The Trial of the Flash: Geoff Johns' Relaunch of the Silver Age Flash

The Rescuer: Barry Allen saves people, that's what a Flash is for.

Even before Silver Age Flash Barry Allen's 300-plus-issue run on the title drew to a close, his character arc was spinning out of control. Johns' relaunch brings a return to those days of exubernace of Wild Science.

Flash Case One: Case of the Dastardly Death of the Rogues

Publisher: DC
Length: 22 pages (each)
Writer: Geoff Johns
Price: $3.99 (each)
Publication date: 2010-11

It's hard to set aside how amazing B.O.B.'s recent track "Airplanes" is. Even without the heavyweight of what seems to be Marshall Mathers retelling of his personal journey to stardom coming by way of hard graft rather than simply luck or talent. B.O.B. takes possibly the most horrific image of our time, the hijacking of civilian air transport, and manages somehow to reclaim it. "Can we pretend that airplanes in the night sky are like shooting stars, I could really use a wish right now," featured artist on the track Hayley Williams of Paramore intones, offering a redemption of the idea of hope in a post-9/11 world.

This is about rebuilding our lives, "Airplanes" seems to remind us. About living outside the paradigm of what happened, about never having to live in the shadow of That Day. And "Airplanes" is haunting, the weight of the past decade comes crashing in. But this song is also about More. About the kind of existence where 'rebuilding our lives' means more than being haunted by those memories and defending against evil. It means tapping that courage to erect those kinds of symbols again. It means flourishing. It means a full richness of life.

It's hard to remember the real Silver Age Flash, Barry Allen. By the time I finally arrived at his book, Barry was already in death spiral. Barry was on trial for his use of lethal force to apprehend the Reverse Flash, Professor Zoom, a maniac who came from the distant future to murder Barry's wife Iris. Barry himself, in an attempt to save his good name and identity had undergone radical reconstructive surgery at the hands of the super-civilized technologically advanced Gorillas of Gorilla City. Barry had assumed a new identity. And to make matters worse, Barry's sidekick Kid Flash Wally West gave testimony that lethal force was not called for to resolve the situation.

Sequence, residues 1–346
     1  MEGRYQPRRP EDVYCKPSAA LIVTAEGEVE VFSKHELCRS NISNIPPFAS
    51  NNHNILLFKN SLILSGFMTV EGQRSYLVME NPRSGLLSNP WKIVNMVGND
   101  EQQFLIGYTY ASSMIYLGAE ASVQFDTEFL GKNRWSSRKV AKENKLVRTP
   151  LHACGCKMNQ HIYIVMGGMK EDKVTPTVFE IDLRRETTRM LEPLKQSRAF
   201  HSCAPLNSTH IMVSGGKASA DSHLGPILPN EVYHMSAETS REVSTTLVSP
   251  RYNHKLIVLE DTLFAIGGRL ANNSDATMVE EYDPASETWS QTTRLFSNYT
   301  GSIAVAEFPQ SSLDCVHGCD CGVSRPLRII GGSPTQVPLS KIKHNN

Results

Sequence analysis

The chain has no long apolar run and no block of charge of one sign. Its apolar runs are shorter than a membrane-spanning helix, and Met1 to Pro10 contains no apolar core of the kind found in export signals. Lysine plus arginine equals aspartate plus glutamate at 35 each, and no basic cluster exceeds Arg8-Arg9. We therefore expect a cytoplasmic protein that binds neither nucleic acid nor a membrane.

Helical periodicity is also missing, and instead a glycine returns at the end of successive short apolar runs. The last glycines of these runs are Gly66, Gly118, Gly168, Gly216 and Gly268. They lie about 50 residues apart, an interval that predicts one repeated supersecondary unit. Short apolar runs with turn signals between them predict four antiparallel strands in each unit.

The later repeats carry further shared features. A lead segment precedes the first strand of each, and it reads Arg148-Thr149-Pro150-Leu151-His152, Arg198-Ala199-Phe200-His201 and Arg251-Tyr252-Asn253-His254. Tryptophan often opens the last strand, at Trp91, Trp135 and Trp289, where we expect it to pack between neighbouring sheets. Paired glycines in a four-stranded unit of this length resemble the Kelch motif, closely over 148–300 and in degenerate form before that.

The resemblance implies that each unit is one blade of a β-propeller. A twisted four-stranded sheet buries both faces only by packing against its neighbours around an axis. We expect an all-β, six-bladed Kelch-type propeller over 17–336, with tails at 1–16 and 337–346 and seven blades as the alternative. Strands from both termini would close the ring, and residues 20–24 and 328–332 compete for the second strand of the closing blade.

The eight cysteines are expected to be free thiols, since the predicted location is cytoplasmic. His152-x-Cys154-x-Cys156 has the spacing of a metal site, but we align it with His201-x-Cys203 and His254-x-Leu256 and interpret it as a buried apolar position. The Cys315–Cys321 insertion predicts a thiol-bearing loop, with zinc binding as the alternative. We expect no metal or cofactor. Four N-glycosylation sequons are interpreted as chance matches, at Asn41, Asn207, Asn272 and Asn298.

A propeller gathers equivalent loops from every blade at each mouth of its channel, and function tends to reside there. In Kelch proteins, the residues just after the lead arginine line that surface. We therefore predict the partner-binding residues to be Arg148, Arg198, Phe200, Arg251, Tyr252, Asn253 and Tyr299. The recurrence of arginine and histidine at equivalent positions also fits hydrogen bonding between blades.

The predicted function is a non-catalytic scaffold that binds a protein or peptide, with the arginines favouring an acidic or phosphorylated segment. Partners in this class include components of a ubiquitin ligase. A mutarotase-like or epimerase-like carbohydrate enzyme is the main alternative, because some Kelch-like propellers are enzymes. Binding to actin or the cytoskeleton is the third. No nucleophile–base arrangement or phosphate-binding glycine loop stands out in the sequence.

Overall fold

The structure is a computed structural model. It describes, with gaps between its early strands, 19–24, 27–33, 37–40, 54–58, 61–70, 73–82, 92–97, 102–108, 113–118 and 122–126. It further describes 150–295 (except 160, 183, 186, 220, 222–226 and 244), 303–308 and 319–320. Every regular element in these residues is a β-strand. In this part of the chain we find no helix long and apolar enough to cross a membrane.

But even as I held the world-spiral in my hands there were glimpses, flashes, of an older kind of Flash story. It was that endless tilting, not just at windmills, but at the entire world. It was a very different kind of story, unique among superhero stories. Superman was deployed against planetary-level threats. Batman was a sleuth tracking down the perpetrators of unthinkable crimes. But Flash. Flash was about thinking, about science. About fighting with ideas, inventions. Lunatic develops a wand to 'hack' the global weather system? Barry would cause the collision of two south Pacific hurricane systems to undo Weather Wizard's advantage. Supercriminal with a heat ray robbing banks? Barry will simply build a frost-generator from scratch. No wonder Central City built a museum to honor him, Barry, was Kobe, Michael Jordan and Ali rolled into one.

And not to mention, Barry dematerialized himself while saving the universe.

So what happens when after years of writing Wally West, Barry's successor to the Flash mantle in the early part of this decade, Geoff Johns returns to writing Barry Allen himself?

There is an exuberance on these pages. A rush that seems to never die down. Barry's back, and Central City is in danger again. Super-science cops from the distant future have come back in time to arrest Barry for a crime he is yet to commit. They care little for the havoc they leave in their wake.

But that's what Barry's for -- a rescuer who can literally be everywhere at once. A spirit of optimism so indomitable, that no one will go undefended again. No one will wake up cold, or hungry or trapped.

And that's what Geoff Johns brings to a character that was labeled by many as 'dated' and 'outmoded'. The idea of an unraveled life at once seems securely and permanently behind use. And the idea that after 9/11 we will not only stand again, we'll fly.


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If space is time—and space is literally time in the comics form—the world of the novel is a temporal cage. Manuele Fior pushes at the formal qualities of that cage to tell his story.

Manuele Fior's 5,000 Km Per Second was originally published in 2009 and, after winning the Angouléme and Lucca comics festivals awards in 2010 and 2011, was translated and published in English for the first time in 2016. As suggested by its title, the graphic novel explores the effects of distance across continents and decades. Its love triangle begins when the teenaged Piero and his best friend Nicola ogle Lucia as she moves into an apartment across the street and concludes 20 estranged years later on that same street. The intervening years include multiple heartbreaks and the one second phone delay Lucia in Norway and Piero in Egypt experience as they speak while 5,000 kilometers apart.

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